It can be hard enough to find which version of linux you want, then you have more choices that aren't very clear from the front Mint page... This spells it out pretty clearly.
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Re: What is the difference between Debian, Fluxbox, XFCE, ..

Postby Oscar799 on Mon May 02, 2011 3:25 am

Baddcog wrote:Dare I say that Robin's post should be stickied?

Seriously this is probably the most informative post for someone who wants to try Linux. I've tried a few versions (kbuntu and Mint) and found i prefer Mint, but then there are 4-5 distros, etc...

It can be hard enough to find which version of linux you want, then you have more choices that aren't very clear from the front Mint page... This spells it out pretty clearly.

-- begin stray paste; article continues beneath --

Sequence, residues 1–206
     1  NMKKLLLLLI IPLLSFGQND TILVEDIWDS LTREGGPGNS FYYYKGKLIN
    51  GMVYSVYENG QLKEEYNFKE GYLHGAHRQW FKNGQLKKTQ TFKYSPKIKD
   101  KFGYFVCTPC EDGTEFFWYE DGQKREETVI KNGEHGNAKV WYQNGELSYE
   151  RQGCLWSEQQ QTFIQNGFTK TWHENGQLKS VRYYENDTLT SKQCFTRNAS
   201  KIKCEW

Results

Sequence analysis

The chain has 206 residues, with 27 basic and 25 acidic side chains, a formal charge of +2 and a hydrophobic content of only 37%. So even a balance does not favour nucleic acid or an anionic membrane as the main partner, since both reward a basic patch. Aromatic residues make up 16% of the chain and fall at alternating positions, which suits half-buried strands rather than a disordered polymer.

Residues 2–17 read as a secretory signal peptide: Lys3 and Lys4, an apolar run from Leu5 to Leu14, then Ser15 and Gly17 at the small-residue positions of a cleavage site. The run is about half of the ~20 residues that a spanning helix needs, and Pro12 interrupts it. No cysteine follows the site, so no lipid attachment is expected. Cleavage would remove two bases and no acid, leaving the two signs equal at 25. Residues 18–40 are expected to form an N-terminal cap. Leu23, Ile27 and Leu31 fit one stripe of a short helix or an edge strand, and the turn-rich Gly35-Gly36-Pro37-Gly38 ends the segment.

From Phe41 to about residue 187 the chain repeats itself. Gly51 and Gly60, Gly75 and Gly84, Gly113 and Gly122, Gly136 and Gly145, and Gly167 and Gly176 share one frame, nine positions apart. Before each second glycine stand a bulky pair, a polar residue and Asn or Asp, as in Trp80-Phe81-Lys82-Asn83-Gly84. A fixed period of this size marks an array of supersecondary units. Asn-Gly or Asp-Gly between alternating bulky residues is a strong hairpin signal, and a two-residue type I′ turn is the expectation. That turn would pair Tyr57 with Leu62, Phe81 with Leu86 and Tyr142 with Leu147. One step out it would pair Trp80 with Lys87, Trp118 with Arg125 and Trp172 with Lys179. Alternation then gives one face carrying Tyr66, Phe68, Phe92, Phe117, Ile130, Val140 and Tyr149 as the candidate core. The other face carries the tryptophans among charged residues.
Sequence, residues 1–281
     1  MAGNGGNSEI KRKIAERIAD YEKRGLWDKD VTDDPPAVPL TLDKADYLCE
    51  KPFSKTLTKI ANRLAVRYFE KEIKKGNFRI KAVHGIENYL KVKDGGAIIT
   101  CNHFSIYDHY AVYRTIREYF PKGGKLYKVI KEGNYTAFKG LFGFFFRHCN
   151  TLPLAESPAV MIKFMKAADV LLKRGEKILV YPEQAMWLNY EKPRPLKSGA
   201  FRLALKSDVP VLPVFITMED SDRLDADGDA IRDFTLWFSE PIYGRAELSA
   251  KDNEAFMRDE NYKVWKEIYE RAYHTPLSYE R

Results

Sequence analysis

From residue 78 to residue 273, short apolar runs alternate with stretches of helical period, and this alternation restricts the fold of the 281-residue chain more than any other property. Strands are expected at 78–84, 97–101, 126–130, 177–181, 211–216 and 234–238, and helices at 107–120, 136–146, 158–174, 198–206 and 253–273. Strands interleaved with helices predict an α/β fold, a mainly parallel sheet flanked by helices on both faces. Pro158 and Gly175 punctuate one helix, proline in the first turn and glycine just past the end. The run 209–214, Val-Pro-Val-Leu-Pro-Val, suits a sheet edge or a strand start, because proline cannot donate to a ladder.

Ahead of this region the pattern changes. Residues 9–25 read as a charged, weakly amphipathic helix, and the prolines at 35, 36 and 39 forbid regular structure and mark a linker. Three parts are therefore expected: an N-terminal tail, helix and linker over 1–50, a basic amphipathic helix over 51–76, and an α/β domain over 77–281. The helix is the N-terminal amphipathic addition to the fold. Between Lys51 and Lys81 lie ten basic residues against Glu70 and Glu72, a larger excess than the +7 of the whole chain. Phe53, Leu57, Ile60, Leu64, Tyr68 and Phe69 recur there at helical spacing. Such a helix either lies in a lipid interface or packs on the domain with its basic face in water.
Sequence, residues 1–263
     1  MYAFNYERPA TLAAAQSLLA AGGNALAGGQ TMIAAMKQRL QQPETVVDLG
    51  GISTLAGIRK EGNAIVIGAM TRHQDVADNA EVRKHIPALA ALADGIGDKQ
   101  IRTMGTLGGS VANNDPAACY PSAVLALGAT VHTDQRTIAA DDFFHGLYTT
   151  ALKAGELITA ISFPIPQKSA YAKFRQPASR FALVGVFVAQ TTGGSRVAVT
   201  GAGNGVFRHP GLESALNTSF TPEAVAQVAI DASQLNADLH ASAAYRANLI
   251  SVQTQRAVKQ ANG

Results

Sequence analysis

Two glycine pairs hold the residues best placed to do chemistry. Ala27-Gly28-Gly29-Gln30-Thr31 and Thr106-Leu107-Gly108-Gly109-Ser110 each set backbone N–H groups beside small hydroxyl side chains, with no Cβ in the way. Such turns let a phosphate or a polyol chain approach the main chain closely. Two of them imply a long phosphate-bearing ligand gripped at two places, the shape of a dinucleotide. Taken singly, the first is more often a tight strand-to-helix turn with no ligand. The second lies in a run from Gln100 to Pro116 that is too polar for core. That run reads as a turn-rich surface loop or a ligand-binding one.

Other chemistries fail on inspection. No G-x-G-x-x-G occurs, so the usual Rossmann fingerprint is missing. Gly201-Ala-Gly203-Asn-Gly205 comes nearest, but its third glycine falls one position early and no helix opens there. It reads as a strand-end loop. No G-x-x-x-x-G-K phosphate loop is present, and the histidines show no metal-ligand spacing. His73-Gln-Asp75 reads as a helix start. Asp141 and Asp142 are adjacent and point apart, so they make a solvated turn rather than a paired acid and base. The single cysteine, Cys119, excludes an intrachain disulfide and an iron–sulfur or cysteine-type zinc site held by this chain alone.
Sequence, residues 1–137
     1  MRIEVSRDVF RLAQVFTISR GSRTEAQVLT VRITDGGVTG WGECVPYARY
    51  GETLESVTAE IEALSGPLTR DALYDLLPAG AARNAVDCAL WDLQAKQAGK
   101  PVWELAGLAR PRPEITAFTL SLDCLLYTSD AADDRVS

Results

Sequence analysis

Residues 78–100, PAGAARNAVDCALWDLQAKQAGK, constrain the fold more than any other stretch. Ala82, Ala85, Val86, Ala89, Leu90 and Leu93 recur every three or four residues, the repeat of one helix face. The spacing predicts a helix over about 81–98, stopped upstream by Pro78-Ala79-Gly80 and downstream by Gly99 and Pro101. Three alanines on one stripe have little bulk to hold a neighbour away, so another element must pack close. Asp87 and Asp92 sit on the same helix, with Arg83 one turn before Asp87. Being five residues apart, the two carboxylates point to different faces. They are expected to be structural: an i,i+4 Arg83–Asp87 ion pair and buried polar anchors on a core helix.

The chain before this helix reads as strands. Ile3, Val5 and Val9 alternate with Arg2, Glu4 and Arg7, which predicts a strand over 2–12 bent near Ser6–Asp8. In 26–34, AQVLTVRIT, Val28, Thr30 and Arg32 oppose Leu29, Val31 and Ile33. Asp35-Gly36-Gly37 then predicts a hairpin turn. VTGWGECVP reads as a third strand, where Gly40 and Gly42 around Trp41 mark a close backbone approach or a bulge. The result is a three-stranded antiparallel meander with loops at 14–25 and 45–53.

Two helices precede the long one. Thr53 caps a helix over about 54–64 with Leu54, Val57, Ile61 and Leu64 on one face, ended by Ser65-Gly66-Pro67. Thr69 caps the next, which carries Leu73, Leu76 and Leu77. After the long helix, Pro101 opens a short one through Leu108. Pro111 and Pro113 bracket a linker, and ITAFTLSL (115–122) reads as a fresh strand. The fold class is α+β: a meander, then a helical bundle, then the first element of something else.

It is - I stickied it on 12th April 2011
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Re: What is the difference between Debian, Fluxbox, XFCE, ..

Postby dwasifar on Tue May 10, 2011 5:51 pm

gms9810 wrote:So does this mean I can witch from say, Compiz to KDE? And if I can will i have to re-install everything?

That is exactly what it means, and no, you don't have to reinstall things. Compiz is not a desktop environment, but I understand what you mean; you're asking if you can switch from one desktop environment (say, Gnome) to another (say, KDE). And the answer is yes.

Furthermore, it is not a destructive choice. If you start with Gnome and later install KDE, for example, then you have both; and each time you log in to the machine you can choose which one to use.